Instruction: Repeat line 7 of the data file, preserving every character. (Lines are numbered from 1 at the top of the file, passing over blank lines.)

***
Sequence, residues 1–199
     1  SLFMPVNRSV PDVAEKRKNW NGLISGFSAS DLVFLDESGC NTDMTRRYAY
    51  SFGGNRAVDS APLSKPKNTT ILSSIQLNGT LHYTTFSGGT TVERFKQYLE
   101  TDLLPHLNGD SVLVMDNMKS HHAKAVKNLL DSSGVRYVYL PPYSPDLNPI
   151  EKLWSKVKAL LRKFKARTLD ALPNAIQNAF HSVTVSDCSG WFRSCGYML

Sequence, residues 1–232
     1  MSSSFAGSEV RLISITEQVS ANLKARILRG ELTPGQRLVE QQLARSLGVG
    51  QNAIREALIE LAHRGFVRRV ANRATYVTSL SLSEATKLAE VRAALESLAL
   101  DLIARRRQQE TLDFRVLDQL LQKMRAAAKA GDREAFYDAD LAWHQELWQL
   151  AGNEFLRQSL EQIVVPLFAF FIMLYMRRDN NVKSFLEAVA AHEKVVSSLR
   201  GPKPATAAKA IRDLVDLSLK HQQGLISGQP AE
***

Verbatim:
     1  MSSSFAGSEV RLISITEQVS ANLKARILRG ELTPGQRLVE QQLARSLGVG